Returning to the regular schedule of the bi-monthly Writing Challenge we have a new theme, “Isn’t it Romantic?,” chosen by the writer behind Lieutenant Commander Velana, the winner of the August round. How will you approach the question? Let me help you decide with a few novel suggestions.
SF is rarely associated with romance, but those few and far between novels are all written well and worth your attention. I will not include recent appearances of gothic fantasy for young adults, because I can’t say I found any worthy of attention. No sparkling here.
It is not the best nor the worst of all, but I’m going to mention it as the first because it is Star Trek: Of course, what else but Imzadi? Peter David’s novel tells the story of love, defiance, and time travel. An aged, bitter Admiral Riker visits Betazed and accused by Lwaxana Troi of betrayal of Deanna while he recalls their time together. The search for truth leads him to use Guardian of Forever and return through time to warn his younger self and save her this time around.
I was reading Shards Of Honor by Lois McMaster Bujold long after reading most of the Miles Vorkosigan series and found it a great explanation as to why he is so nuts. Who would be normal as a child of two absolutely unlikely lovers? They met and fought against each other, had to cooperate to survive, and fell in love; Cordelia then returned to her home on Beta Colony and was brainwashed as “therapy,” because her love for Aral was a “mental illness”; but in the end returned to him by killing his archenemy and bringing his head to Aral as a gift. I’ll have to write a story of the early life of Vid-Lotilija’s parents. I’m sure they were equally… unusual.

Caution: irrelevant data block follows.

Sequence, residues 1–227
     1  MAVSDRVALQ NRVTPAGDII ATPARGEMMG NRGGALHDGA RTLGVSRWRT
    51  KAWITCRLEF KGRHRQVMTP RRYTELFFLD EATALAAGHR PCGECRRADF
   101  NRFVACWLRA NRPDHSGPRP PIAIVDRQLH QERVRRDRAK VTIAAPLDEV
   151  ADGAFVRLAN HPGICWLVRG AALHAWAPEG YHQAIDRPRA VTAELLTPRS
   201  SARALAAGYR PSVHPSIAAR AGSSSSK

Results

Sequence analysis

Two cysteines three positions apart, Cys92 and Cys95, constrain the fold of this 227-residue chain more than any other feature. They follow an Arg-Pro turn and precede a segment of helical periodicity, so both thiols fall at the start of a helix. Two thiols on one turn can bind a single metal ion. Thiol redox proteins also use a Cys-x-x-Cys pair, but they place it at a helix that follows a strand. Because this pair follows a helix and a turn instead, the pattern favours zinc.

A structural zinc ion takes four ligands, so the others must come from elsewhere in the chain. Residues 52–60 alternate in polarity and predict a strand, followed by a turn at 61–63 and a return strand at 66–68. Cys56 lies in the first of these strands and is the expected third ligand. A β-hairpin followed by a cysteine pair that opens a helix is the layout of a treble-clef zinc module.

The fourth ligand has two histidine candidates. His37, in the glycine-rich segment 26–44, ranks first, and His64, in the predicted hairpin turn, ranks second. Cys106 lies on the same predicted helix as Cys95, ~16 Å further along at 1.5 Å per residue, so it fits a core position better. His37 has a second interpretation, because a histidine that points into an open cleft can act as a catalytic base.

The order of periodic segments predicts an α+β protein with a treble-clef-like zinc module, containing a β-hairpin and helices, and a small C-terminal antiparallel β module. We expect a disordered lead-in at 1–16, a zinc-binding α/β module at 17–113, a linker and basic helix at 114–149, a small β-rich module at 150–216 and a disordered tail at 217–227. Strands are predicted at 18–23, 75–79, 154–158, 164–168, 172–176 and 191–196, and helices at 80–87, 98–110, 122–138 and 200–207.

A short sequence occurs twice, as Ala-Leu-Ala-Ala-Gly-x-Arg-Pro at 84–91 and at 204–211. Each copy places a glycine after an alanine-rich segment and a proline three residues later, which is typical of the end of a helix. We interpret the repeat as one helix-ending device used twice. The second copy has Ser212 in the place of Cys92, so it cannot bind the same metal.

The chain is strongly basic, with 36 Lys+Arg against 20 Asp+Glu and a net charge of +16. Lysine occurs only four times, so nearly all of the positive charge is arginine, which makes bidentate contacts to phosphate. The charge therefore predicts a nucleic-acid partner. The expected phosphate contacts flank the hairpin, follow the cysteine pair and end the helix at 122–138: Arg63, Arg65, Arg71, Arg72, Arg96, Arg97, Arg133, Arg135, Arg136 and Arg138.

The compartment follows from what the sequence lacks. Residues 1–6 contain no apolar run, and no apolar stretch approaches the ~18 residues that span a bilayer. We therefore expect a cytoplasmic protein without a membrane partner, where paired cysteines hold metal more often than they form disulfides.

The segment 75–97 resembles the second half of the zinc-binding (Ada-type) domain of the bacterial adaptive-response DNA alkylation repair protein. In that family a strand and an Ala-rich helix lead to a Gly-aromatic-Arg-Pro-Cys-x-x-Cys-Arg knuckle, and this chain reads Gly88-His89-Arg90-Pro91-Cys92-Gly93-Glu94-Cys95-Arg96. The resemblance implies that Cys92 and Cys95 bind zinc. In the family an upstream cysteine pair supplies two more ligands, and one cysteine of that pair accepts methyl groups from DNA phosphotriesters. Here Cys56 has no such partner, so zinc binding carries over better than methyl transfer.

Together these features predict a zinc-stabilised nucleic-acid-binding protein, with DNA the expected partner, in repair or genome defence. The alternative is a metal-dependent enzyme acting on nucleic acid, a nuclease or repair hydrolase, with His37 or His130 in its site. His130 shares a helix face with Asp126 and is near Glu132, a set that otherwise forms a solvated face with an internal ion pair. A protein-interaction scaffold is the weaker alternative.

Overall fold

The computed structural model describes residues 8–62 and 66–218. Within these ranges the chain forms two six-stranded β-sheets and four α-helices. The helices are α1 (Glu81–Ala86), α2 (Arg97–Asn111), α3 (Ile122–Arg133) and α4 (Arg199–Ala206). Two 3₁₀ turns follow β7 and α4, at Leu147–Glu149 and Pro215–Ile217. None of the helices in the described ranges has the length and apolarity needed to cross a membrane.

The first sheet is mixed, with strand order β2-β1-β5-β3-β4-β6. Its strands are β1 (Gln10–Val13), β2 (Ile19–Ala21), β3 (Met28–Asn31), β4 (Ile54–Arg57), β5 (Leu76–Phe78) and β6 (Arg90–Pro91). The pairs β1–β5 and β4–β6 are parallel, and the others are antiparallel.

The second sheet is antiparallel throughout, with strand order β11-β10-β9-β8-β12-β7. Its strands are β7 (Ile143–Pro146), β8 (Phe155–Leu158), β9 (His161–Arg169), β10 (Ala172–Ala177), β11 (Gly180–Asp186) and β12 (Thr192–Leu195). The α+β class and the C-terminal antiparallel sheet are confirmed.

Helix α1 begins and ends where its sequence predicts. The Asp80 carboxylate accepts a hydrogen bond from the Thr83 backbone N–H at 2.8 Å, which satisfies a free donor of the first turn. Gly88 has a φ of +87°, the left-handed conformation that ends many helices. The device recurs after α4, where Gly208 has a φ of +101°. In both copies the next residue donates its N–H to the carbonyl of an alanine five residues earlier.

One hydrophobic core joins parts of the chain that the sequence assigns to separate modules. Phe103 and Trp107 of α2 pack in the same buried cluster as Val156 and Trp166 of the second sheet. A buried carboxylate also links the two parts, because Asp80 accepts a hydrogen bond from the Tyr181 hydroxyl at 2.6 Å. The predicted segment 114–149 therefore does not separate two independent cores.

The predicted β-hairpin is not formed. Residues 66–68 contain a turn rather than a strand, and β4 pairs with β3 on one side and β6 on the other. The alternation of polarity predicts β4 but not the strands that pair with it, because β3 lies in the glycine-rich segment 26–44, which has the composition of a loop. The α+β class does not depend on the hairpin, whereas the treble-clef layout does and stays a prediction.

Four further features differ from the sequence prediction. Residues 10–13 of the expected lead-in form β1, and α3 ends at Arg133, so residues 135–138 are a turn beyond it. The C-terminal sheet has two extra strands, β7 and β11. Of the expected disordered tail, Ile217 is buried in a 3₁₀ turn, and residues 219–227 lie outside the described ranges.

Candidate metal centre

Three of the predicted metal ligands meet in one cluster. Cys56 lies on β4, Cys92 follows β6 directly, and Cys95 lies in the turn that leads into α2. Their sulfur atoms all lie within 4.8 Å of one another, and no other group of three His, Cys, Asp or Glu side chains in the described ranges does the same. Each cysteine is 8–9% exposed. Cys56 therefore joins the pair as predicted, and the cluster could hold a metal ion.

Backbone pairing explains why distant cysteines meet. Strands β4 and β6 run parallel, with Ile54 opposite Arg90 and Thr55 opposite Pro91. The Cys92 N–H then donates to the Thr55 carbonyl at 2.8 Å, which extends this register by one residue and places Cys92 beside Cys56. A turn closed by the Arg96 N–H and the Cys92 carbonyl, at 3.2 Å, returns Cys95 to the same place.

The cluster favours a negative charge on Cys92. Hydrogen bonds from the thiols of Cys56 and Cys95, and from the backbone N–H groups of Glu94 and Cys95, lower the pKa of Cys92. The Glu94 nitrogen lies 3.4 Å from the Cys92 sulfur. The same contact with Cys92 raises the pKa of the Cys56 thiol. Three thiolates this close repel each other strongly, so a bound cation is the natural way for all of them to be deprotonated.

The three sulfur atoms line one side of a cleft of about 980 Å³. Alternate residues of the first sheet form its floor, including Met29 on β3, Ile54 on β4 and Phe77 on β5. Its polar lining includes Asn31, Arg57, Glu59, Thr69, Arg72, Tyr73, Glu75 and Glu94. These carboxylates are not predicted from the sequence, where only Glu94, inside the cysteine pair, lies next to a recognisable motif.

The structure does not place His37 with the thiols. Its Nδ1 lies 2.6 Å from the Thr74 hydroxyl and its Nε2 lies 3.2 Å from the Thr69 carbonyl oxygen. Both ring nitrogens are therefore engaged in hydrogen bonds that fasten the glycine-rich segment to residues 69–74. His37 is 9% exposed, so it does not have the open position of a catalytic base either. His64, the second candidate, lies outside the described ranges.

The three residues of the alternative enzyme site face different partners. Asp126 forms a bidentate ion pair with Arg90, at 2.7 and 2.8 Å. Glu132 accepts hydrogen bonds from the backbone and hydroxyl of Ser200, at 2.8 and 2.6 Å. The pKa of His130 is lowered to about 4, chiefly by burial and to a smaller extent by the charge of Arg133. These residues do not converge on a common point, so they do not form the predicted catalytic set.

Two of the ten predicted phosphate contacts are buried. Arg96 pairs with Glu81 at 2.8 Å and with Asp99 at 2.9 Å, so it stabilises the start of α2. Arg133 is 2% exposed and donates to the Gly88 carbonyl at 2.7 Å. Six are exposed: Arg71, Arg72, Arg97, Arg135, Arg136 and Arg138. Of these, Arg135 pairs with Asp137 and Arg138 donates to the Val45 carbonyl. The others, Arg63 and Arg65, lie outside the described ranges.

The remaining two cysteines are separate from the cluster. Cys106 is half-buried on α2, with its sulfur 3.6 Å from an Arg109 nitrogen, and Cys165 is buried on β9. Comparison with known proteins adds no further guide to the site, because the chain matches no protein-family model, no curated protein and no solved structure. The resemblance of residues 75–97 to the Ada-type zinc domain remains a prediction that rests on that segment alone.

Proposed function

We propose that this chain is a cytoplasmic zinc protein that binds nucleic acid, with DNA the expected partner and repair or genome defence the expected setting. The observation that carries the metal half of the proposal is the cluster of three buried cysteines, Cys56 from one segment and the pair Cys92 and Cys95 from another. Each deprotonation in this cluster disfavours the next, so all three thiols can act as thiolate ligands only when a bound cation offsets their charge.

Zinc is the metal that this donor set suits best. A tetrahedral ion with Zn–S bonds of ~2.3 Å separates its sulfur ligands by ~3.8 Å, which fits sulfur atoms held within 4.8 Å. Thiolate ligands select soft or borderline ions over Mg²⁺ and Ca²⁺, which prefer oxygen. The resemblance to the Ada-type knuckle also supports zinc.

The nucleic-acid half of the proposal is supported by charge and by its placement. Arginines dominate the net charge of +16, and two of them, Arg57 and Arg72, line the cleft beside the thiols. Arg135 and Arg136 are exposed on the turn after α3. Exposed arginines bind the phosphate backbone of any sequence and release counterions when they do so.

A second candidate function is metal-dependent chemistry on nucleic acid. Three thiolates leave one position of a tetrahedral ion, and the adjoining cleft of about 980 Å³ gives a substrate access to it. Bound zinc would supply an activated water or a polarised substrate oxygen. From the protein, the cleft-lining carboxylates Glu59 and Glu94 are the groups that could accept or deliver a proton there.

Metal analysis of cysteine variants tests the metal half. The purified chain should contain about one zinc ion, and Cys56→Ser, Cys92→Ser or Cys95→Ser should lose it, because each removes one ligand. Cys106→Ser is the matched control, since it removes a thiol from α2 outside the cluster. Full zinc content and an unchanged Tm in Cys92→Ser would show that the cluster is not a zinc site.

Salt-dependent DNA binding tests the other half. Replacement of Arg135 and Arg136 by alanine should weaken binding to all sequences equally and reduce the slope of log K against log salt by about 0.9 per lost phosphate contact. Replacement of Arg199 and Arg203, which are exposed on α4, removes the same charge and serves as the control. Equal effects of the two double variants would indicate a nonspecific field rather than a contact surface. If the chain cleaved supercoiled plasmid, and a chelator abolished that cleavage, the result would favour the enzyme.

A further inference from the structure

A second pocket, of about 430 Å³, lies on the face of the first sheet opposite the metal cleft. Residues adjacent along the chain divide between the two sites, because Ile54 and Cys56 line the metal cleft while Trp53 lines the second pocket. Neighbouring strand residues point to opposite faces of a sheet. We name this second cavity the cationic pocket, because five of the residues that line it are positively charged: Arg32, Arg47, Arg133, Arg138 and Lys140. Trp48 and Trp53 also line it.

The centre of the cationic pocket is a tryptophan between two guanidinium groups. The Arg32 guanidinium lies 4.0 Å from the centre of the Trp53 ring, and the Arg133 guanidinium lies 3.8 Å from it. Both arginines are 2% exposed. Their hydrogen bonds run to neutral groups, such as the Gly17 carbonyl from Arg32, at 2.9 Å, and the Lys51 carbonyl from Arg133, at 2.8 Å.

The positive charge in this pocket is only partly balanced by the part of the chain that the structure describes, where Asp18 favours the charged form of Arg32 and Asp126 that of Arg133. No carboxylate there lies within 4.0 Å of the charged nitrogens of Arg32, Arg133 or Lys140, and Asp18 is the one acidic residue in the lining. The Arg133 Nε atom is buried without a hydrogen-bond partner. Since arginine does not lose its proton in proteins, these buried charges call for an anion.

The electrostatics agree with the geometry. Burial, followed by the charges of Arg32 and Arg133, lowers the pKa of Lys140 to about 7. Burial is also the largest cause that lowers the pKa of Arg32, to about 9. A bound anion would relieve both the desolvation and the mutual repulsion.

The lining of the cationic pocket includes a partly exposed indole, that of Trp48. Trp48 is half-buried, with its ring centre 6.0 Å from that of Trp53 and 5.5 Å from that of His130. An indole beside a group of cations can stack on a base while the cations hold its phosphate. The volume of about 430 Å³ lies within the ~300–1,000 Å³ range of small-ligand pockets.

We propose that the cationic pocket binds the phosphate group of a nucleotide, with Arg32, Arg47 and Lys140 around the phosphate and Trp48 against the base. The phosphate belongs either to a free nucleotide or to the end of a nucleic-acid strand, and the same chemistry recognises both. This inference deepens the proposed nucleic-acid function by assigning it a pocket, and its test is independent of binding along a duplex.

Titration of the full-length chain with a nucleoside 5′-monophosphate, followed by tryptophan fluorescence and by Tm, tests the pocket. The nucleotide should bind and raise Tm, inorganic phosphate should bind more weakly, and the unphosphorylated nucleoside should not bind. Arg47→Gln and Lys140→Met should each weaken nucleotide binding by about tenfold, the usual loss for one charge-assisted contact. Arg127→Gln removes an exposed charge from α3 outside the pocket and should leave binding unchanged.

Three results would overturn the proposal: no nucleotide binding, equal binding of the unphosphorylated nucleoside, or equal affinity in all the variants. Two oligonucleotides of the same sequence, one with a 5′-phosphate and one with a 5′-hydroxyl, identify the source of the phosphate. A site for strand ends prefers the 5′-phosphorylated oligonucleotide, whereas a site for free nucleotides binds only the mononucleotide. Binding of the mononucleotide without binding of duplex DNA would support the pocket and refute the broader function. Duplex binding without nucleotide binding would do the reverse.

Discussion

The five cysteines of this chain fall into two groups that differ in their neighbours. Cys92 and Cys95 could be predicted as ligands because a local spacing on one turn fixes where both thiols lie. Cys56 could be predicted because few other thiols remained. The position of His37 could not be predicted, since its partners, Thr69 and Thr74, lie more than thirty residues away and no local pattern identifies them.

The Darkover series by Marion Zimmer Bradley starts with the great SF novel Darkover Landfall and quickly turns into a fantasy series. The Planet Savers tells the story of the saving of the Terran colony via the cooperation of natives and a parasitologist from the colony. I’m trying to think of what more to say about it, but despite being a well told story it left me empty.
Anne McCaffrey’s The Crystal Singer. It is not listed as romance novel anywhere, but what I remember most from the books is constant search for love, love lost in the search for power, high pay, travel, prestige, and near immortality. Crystal Singers are constantly losing themselves in the sickness caused by infection with the symbiont of the Ballybran, forgetting everything and everyone.
Another story that is not considered romance is Nightwings by Robert Silverberg. It’s a story of the search for faith through researching the history of mankind. While it has, similar to the Darkover series, both elements of SF and fantasy, in this case I’m more inclined to call this work SF. Three members of different guilds — Watcher, who questions his faith; the fairy-like Avluela; and Gormon the Changeling — travel to the holy city of Roum to find testimony of the prophecy that aliens will conquer the Earth.
I hope this will help you in your search for your best idea. The very last day to enter is Friday, October 26th, so get in your entry before then! Good luck to all entrants.